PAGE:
The Navy has released a report on the capture of two U.S. boats by Iran earlier this year, an incident that became a propaganda coup for the Iranian regime. The report faults the officers and crew of the two boats saying they were poorly prepared and violated the code of conduct after being captured. But the report also says Iran had no right to interfere with the boats’ transit. From the Associated Press:
Six officers and three enlisted sailors have been disciplined or face disciplinary action. The report said the boat captains and crews were “derelict in performing their duties,” including by failing to get approval before deviating from their planned transit route. It also faulted them for failing to report an engine failure that led to their capture…
The lengthy investigation concluded that while the boat crews erred in entering Iranian waters, the Iranians violated international law by impeding the boats’ “innocent passage,” and violated U.S. sovereign immunity by boarding and seizing the boats.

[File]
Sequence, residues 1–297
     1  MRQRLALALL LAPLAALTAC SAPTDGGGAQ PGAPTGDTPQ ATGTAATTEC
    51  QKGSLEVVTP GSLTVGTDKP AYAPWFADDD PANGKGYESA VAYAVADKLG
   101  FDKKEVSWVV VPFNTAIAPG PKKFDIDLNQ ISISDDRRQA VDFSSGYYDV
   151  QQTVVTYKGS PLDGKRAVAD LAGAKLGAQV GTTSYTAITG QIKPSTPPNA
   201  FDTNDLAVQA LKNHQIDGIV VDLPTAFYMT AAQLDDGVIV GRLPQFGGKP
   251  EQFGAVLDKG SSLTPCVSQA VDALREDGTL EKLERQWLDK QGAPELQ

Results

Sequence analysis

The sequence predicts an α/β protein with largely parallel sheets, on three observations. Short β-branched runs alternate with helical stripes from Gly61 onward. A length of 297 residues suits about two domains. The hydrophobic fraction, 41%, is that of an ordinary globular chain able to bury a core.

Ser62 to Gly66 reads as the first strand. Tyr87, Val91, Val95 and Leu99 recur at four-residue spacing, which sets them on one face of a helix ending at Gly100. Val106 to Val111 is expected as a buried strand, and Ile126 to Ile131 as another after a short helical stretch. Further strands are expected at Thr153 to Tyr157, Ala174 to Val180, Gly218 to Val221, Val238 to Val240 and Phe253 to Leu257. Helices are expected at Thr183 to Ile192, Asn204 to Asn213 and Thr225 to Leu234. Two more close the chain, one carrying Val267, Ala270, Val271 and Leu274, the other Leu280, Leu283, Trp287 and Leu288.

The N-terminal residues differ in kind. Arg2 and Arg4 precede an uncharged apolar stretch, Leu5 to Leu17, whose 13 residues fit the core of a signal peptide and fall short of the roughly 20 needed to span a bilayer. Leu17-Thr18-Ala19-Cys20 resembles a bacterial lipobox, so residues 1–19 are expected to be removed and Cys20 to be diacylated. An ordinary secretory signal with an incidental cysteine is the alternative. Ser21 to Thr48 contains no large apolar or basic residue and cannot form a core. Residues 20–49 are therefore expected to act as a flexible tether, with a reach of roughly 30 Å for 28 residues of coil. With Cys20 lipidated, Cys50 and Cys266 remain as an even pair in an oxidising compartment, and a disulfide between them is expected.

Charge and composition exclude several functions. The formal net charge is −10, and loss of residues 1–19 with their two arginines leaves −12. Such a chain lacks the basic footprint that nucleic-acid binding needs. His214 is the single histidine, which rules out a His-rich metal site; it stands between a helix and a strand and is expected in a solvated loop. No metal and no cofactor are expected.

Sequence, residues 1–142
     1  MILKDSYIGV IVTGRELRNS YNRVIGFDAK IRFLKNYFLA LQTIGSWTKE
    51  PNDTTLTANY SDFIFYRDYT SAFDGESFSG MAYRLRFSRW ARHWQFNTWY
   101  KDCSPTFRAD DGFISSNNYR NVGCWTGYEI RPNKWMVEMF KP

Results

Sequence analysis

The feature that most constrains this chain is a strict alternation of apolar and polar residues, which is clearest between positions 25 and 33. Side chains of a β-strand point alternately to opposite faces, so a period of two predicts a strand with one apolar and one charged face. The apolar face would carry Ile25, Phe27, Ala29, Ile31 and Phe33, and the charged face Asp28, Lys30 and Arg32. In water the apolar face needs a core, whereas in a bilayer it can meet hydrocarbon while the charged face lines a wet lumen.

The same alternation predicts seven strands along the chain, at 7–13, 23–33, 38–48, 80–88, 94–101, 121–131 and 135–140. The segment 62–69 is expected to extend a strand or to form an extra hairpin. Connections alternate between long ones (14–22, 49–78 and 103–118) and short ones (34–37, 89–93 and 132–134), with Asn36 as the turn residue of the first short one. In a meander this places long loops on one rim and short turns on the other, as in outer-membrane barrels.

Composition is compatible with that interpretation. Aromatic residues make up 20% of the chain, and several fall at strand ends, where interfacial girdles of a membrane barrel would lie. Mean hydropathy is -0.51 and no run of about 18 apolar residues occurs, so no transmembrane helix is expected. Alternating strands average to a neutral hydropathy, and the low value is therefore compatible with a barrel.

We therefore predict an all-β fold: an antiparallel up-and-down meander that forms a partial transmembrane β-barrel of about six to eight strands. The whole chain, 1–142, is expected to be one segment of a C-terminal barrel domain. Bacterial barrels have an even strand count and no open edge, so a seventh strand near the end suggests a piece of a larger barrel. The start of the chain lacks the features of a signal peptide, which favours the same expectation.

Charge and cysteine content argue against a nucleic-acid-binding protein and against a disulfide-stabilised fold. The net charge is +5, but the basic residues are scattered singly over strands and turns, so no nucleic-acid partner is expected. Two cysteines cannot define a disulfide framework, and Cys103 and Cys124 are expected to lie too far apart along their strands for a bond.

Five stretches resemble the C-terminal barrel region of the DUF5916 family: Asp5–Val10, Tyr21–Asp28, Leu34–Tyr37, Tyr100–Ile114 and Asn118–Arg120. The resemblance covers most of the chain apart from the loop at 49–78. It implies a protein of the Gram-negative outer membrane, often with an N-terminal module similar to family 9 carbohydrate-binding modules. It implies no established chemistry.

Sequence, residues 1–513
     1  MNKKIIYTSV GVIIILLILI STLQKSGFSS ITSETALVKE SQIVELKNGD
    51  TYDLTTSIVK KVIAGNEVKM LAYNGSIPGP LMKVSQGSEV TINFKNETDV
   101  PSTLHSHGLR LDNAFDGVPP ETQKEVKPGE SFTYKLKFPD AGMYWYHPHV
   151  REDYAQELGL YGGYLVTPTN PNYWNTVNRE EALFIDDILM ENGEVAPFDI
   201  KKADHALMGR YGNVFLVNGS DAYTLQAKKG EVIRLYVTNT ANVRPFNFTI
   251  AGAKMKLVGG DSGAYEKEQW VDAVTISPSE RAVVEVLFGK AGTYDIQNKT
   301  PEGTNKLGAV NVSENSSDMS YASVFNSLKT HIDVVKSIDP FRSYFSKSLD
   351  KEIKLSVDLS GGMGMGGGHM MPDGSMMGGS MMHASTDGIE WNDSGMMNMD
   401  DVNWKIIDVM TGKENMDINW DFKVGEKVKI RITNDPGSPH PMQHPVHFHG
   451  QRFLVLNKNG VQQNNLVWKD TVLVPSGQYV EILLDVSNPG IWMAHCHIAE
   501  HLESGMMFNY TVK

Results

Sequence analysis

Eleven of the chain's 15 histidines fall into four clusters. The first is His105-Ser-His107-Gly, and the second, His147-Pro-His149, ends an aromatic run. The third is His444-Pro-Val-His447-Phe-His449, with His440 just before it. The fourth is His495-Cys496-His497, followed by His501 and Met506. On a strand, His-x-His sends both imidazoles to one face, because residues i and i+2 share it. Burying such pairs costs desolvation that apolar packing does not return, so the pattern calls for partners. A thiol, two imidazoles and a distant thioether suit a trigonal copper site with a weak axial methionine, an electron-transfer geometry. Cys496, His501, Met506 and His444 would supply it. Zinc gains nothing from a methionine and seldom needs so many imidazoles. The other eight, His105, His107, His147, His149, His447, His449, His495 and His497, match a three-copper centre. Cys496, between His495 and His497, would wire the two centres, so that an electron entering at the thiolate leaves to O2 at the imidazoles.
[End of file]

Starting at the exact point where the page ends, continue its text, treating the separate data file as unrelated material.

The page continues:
“Those boats and crewmembers had every right to be where they were that day,” Richardson said, even though they got there by mistake.
The report faults the Navy commanders for failing to defend the boats when confronted by the Iranians. From Reuters:
The boat captains did not direct their gunners to put on protective gear or to man the weapons on the boat.
Under the standard rules of engagement, U.S. military personnel are obligated to defend their units. However, in the hopes of de-escalating the situation, the captains directed their gunners to step away from their weapons.
“I didn’t want to start a war with Iran,” one of the boat captains told investigators. “My thought at the end of the day was that no one had to die for a misunderstanding.”
CNN reports one positive moment during the encounter was credited to a female sailor:
One of the only bright spots noted in the report was a sailor who “showed presence of mind and fighting spirit when she attempted to activate” at tracking beacon at some point during the incident.
The report also says some of the sailors were too quick to go along with Iranian demands, including participating in a propaganda video in which they were told to look happy. Some sailors also gave up information to their captors while being interrogated. From Reuters:
The report cited the instance of one crew member revealing details to the Iranian interrogators such as the top speed of his vessel and that it conducted “presence” missions.
“It is clear that some, if not all, crew members provided at least some information to interrogators beyond name, rank, service number and date of birth,” the report said.
The Navy says the number of things that went wrong on this one mission will make it a test case for future training.